Richard Artschwager!
Oct 25, 2012–Feb 3, 2013

A sculpture by Richard Artschwager. A giant neon yellow exclamation point.

Richard Artschwager (b. 1923), _Exclamation Point (Chartreuse)_, 2008. Plastic bristles on a mahogany core painted with latex, 65 x 22 x 22 in. (165.1 x 55.9 x 55.9 cm). Gagosian Gallery, New York. © Richard Artschwager. Photograph by Robert McKeever

Richard Artschwager's first solo exhibition was in 1965 at the age of forty-two at Leo Castelli Gallery. Since then his work has been shown throughout the world, and his enigmatic and diverse oeuvre has been influential, yet not thoroughly understood. This exhibition is a comprehensive review of Artschwager's remarkable creative exploration of the mediums of sculpture, painting, and drawing and the first retrospective exhibition of Artschwager's work since one organized at the Whitney in 1988.

Richard Artschwager! is organized by Jennifer Gross, Seymour H. Knox, Jr., Curator of Modern and Contemporary Art, Yale University Art Gallery.

This exhibition is organized by the Whitney Museum of American Art, New York, in association with the Yale University Art Gallery, New Haven.

Significant support for the Whitney's presentation is provided by the National Committee of the Whitney Museum of American Art, The Broad Art Foundation, The Andrew J. and Christine C. Hall Foundation, Allison and Warren Kanders, Norman and Melissa Selby, Alice and Tom Tisch, Mr. and Mrs. Harrison Augur, Diane and Adam E. Max, Francis H. Williams, and Ruth and William S. Ehrlich.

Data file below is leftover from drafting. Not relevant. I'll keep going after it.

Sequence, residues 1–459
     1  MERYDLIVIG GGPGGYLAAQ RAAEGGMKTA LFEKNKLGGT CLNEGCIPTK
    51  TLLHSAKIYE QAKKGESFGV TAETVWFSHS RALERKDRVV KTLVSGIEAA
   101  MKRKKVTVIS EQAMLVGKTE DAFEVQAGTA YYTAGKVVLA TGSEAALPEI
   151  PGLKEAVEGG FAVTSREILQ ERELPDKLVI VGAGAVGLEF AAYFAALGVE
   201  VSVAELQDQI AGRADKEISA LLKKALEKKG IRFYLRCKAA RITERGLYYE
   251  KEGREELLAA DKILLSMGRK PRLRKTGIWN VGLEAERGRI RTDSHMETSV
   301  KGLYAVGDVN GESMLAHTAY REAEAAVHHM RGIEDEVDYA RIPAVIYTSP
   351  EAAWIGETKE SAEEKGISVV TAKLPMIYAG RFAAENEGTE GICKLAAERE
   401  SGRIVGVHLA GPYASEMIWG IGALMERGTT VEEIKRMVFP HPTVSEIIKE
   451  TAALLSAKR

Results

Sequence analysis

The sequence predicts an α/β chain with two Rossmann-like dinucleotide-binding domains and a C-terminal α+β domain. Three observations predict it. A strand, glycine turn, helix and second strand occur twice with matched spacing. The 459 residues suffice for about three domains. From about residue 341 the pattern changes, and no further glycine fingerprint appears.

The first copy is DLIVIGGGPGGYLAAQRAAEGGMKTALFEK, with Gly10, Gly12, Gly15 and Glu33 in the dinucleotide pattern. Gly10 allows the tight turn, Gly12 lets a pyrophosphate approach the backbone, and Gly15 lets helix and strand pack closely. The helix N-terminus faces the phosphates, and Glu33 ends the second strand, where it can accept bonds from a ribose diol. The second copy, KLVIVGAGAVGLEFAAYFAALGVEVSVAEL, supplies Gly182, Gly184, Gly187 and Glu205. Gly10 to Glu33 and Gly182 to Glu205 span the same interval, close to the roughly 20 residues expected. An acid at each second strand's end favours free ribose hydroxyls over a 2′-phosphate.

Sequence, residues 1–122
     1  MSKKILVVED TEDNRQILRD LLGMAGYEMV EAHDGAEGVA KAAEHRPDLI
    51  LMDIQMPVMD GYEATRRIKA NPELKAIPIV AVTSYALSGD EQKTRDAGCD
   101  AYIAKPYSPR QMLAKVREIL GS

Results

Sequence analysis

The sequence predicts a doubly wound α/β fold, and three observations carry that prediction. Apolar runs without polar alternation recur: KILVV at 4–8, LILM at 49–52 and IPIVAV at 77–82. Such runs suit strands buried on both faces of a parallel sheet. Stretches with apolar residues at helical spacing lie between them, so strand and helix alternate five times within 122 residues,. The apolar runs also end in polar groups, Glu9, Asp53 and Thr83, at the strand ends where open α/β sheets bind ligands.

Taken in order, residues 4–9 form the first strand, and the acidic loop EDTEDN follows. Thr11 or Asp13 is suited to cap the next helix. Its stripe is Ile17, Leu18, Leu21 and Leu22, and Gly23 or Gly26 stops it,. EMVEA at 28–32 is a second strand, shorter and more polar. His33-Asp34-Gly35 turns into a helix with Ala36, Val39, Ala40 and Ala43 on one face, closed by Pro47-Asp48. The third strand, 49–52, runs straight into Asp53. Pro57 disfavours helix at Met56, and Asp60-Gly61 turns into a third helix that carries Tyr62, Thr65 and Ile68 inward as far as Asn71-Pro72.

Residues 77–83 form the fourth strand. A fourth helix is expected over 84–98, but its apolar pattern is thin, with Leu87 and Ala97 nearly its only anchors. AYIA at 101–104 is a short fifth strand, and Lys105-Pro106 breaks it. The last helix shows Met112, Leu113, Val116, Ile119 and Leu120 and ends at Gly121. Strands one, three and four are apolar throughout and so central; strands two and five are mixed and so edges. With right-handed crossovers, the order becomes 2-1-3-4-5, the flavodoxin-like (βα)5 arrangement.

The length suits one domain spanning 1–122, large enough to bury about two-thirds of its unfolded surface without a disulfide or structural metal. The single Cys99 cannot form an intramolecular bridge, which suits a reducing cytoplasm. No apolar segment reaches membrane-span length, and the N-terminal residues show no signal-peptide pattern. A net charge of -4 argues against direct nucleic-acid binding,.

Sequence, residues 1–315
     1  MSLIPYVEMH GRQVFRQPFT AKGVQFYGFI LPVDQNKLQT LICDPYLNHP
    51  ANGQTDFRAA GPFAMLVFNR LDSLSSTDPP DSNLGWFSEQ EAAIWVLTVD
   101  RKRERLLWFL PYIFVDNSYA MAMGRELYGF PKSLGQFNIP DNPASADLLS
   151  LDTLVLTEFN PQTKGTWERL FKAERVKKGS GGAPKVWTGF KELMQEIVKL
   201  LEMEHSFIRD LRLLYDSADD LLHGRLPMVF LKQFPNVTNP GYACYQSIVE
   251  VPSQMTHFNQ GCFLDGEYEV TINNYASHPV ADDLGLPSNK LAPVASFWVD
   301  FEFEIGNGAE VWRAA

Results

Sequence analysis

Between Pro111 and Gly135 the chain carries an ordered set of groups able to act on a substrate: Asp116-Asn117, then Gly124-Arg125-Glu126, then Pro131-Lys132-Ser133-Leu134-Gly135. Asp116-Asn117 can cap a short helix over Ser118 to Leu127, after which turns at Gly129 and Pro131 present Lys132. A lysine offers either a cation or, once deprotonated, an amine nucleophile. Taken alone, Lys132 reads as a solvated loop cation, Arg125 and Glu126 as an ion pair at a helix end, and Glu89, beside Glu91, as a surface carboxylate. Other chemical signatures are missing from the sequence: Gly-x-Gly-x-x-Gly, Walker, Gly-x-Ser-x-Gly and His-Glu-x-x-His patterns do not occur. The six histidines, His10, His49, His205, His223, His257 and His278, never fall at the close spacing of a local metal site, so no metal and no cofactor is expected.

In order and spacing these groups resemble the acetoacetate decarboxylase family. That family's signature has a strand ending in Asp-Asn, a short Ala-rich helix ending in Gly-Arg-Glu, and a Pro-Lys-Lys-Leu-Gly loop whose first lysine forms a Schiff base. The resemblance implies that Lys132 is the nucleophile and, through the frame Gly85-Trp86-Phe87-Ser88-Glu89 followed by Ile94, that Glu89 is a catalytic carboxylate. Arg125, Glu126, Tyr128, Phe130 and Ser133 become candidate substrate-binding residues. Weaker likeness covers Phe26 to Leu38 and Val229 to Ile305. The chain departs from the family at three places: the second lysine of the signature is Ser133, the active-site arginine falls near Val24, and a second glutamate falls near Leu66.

Events


Watch

  • Richard Artschwager, blps, 1967–

  • Vlog: Richard Artschwager!


In the News

"Saltz: How I Came to Embrace Richard Artschwager's Weirdness"
New York Magazine

"An Enigma Wrapped in Formica"
The New York Times

"The Sculptor's Apprentices"
The Wall Street Journal


"Richard Artschwager Does More With Less"
New York Magazine

"Pill-shaped public art is popping up all around the High Line."
DNA Info


"The Story Behind Richard Artschwager's Whitney Survey and High Line blps"
ArtInfo

"Furniture-like in form, Artschwager’s cheerfully-coloured yet eerily blank works became the artist’s way of exploring his interest in mixing two- and three-dimensional perceptual experiences, surprising the viewer, making them look again."
Another Magazine